Dancers wonder: “How do I feel to my partners? Am I fun, warm, accomplished, creative, dynamic, musical? Do they enjoy dancing with me?” Dancing with others in your same role, you get to feel the good and the bad. “Oh, is that something I do? I’ve got to fix that!” “That feels nice. I’m going to borrow that.” You’ll find it easier to learn, create, and share with others who know what you know. Everybody rises faster!

3. Everybody dances with everybody else

Three parts to develop and use a skill: Learning, Practicing, Performing. I know, I’ve got my wife, you’ve got your boyfriend, they have their favorite partner. Yes, let’s practice with those people, and dance with them at the milonga. In class, where we are learning, we multiply our understanding by dancing with others. People learn at different rates. You pick up things from more advanced dancers; you give things to less advanced dancers; you learn to dance nicely with everybody — the same as you want to do at the milonga.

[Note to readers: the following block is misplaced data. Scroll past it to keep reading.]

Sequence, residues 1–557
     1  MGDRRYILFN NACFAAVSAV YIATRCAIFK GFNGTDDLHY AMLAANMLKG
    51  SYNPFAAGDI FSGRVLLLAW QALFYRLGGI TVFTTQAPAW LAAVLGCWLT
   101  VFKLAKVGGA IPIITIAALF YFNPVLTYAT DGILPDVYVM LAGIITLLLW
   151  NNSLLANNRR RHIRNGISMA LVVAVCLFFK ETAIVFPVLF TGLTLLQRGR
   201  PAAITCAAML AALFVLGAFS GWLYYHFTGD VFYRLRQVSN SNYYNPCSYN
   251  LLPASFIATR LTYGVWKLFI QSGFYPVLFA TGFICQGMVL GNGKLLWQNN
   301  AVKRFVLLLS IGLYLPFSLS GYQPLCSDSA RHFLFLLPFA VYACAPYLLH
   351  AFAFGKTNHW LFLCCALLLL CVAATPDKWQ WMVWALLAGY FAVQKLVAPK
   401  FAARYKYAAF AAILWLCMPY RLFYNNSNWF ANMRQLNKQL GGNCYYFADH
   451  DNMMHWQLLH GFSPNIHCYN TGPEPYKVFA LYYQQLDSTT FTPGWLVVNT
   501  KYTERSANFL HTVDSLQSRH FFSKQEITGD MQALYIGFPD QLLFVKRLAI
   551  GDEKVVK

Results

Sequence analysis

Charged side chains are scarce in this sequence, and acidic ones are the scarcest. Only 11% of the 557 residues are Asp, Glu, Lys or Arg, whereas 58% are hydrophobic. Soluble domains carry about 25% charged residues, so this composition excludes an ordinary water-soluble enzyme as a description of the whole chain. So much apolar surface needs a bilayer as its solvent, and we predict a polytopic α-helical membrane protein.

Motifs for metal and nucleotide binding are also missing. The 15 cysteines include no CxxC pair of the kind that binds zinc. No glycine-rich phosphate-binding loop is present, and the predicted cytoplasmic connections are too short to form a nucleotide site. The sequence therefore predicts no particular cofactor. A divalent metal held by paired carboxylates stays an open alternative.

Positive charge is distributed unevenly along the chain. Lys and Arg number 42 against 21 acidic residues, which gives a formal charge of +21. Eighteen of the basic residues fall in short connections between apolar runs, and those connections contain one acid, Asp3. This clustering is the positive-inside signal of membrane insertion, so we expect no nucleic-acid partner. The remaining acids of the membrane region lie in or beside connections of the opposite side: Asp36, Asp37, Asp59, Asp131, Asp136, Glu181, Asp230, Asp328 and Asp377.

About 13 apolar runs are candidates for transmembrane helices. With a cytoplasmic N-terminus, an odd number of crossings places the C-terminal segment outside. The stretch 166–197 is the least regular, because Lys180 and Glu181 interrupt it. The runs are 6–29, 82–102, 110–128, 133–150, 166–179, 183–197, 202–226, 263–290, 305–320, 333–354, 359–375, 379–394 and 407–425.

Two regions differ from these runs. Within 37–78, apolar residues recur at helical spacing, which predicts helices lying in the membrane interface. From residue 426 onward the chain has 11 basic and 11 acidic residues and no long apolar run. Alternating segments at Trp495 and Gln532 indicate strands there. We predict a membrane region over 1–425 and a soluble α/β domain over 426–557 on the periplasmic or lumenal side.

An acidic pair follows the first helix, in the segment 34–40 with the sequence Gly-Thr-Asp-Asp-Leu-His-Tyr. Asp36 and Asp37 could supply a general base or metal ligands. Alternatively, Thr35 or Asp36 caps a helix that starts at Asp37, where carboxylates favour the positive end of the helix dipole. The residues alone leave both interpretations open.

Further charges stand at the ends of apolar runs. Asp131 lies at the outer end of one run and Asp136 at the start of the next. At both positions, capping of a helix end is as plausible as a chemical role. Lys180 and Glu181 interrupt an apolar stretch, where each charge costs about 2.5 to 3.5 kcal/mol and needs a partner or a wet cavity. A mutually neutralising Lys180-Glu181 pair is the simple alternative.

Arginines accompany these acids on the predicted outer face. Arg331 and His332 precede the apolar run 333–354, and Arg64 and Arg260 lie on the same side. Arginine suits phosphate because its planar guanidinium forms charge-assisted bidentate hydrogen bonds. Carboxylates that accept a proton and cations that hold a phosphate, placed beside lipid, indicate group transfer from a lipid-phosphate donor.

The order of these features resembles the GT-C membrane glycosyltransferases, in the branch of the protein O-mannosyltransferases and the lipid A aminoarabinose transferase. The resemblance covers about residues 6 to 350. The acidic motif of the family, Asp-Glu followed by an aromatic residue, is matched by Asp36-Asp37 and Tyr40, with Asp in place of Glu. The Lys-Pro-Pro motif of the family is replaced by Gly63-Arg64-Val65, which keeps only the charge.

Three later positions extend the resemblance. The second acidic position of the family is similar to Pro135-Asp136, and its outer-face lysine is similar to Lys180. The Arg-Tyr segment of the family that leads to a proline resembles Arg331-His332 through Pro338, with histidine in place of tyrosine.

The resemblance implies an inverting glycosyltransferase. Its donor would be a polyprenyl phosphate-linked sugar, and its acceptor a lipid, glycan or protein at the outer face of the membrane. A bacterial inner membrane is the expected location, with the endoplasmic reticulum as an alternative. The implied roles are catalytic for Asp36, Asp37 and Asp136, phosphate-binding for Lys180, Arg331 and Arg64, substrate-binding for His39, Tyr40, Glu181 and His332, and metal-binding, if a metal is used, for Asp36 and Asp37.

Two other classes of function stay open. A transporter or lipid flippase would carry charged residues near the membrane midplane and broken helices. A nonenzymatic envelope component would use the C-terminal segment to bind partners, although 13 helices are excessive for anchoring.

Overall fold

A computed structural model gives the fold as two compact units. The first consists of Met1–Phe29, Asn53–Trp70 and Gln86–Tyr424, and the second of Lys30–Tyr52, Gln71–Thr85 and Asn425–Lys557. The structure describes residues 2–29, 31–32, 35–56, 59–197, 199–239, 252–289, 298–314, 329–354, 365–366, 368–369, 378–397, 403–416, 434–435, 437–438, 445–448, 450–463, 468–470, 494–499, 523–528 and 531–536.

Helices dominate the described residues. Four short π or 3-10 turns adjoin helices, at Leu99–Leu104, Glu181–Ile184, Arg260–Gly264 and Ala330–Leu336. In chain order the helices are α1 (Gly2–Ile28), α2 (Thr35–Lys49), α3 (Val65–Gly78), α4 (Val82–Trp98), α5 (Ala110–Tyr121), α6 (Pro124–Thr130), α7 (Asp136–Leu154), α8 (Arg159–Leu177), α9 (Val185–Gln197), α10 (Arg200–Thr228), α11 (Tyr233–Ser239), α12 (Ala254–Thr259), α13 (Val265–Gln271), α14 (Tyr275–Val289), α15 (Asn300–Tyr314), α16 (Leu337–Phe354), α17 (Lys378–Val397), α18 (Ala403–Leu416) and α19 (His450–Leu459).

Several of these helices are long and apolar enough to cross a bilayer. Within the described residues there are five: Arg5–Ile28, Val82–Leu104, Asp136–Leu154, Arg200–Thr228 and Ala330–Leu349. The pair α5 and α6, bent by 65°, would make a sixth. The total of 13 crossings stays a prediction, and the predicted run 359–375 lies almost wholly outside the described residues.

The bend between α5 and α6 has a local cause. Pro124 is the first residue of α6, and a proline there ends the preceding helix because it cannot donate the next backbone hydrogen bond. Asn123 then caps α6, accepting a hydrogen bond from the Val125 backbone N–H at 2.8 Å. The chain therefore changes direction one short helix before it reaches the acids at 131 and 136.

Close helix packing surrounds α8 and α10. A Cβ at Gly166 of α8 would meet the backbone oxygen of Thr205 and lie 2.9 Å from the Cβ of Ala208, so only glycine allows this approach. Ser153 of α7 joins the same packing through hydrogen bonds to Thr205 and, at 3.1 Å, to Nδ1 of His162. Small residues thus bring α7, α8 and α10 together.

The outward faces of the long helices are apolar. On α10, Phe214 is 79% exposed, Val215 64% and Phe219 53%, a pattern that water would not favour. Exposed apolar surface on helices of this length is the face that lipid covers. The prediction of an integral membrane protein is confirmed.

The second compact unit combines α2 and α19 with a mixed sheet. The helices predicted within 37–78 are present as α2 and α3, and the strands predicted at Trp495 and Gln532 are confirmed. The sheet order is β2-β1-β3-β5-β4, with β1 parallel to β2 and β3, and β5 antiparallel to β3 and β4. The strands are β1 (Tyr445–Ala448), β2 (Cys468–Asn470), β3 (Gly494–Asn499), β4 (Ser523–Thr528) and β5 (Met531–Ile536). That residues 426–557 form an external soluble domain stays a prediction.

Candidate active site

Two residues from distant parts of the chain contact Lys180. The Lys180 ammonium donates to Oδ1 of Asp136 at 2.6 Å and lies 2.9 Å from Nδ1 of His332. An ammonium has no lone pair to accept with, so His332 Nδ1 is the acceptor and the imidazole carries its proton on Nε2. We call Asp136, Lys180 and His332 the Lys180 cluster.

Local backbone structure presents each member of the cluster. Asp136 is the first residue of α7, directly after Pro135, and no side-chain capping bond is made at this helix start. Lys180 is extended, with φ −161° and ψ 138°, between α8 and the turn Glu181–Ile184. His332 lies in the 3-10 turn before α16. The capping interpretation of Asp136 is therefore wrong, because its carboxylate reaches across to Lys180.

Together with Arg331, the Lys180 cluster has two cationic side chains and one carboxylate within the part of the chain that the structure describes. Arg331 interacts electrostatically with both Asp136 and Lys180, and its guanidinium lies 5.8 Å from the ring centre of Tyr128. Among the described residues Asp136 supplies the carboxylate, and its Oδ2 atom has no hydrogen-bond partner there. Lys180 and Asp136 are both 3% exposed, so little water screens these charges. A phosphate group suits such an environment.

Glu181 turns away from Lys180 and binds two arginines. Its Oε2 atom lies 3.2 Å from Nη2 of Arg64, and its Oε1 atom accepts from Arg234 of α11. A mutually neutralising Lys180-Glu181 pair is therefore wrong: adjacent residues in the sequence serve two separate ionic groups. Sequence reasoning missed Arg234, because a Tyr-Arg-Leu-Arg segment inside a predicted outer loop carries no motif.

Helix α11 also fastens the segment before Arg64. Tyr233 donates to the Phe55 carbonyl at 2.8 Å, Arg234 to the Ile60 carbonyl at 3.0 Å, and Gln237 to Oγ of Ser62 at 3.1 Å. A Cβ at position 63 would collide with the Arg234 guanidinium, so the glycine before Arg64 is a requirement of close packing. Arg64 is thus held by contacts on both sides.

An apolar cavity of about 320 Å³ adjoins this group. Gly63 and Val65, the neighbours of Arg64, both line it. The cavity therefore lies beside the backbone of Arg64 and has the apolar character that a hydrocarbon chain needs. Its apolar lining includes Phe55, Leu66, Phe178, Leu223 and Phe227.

4. Principles, not patterns

Tangueros take pride, saying that Argentine tango is a completely improvisational dance, yet some teach and dance it as a series of traditional figures. In some classes a teacher may reprimand, “You’re not doing what I showed.” In Tango Tribe classes you’re going to learn and master principles of the dance. We’ll play with each other using our ideas and those principles to create. Yes, traditional figures make useful jumping off points, but then we want to know how to break them apart, combine them in different ways, do them on the opposite side, in reverse, start differently, end differently, change the dynamics.

Learning, Practicing, and Performance. In a Tango Tribe class you will experience ways to learn tango principles, you will get ideas for learning how to practice. Combine those with your desire to do well, and you will have great dances en la pista, on the dance floor.

David Phillips